Legal regulation of protection dogs

Historically, humans have trained protective dogs to take care of their property and family. In fact, it is very likely that the first dogs were already trained for hunting and protection; Humans quickly realized that dogs could help them get food and protect their families.

Therefore, many countries have adopted specific rules to regulate the possession of guard dogs. Next, we will see in more detail what the Spanish regulations say regarding protection dogs.

What does the law say about protection dogs in Spain?

In Spain, there is still no legislation at the national level that regulates the possession of protection dogs. In practice, each city council has the right to establish regulations that guide the raising of dogs for guard duties.

In Madrid, for example, this issue is regulated within the Regulatory Ordinance on the Tenure and Protection of Animals. This document determines that protection dogs must be kept in properly conditioned environments, where they cannot cause damage to people and property.

Likewise, the owner is forced to visibly warn that there is a guard dog on his property in addition to assuming civil liability for damages caused by their dogs to third parties or municipal heritage.

It is clarified that protection dogs must in no way suffer abuse or be forced to perform their function against their will. Nor is the dog allowed to be permanently tied and, when chained, must be minimally free to move around.

As they usually live abroad, the ordinance also provides that a protective dog should not be subjected to the weather; You must always have shelters to protect yourself from climatic adversities.

Can abuse of protection dogs be reported?

Yes. The fact that an animal performs guard duties does not mean that it can suffer abuse or neglect. If it is identified that a protection dog lives in unsanitary conditions, suffers violence or physical exploitation, the complaint can be made in person or by telephone.

The ideal is to appear before the city council, tried, go to the Civil Guard, or the Police to formalize a face-to-face complaint. If possible, the statement should be accompanied by photos, recordings, or testimonials that prove the abuse.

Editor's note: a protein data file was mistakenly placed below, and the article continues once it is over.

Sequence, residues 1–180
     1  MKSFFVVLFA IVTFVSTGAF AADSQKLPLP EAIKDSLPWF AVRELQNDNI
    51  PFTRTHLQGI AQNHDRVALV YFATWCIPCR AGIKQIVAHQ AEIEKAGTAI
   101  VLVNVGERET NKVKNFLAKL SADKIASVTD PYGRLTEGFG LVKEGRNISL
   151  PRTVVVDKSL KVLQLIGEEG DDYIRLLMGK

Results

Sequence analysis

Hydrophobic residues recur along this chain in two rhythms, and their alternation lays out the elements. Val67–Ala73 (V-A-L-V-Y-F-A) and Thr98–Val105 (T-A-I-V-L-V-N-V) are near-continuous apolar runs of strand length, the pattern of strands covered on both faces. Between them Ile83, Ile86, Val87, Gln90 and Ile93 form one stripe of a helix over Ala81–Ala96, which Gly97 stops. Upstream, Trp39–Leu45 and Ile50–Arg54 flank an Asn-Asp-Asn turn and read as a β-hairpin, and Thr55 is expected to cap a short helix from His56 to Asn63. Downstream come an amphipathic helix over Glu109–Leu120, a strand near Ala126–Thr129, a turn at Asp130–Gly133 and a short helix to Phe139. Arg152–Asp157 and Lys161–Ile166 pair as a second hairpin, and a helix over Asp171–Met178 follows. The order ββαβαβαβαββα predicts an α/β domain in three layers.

Guard dogs, not attack

Unfortunately, a notion persists that guard dogs are trained to attack. But this is false since the guard function is usually to alert the owners about the presence of strangers to thwart attempts at invasion or theft.

In conscious training, the protection dog is prepared to maintain a balanced and self-confident temperament in situations of risk. When identifying a danger, this can acts intelligently: it mainly uses barking to alert its owner and, at the same time, will try to scare off invaders.

The attack is the last resort that a guard and protection dog should use to defend the property and their families. Likewise, it should only occur after the timely order of his master; Your goal is to immobilize the invader and not hurt without meaning or kill.

‘Dangerous dogs’: more awareness, fewer stigmata

As with the so-called potentially dangerous dogs, protection dogs are often feared for the morphological characteristics of their breed, and not for their real behavior or for the training they have received to serve as guardians.

Agreeing or not with the training of protective dogs, it is necessary to raise awareness about the dangers of stigmatizing certain dog breeds because doing so unfairly attributed to the nature of the dog, something that comes from breeding.

When we talk about the absence of dangerous dogs and irresponsible or inexperienced owners, we are not repeating a cliché. In fact, there are several studies that show that the behavior of a dog is not determined solely by its genetic inheritance or lineage; much depends on education and the environment provided during their upbringing.

Any dog ​​can become aggressive when it is deprived of the basic freedoms of animal welfare or when it is subjected to improper handling by its owners. Regardless of their race, gender, or age, because aggressiveness is not a feature of a dog’s personality, but a behavioral problem that is usually associated with inadequate education.

Therefore, instead of discussing the prohibition of some breeds or the limitation of rights of their owners, we should focus on combating animal abuse and promoting responsible tenure for all dogs.

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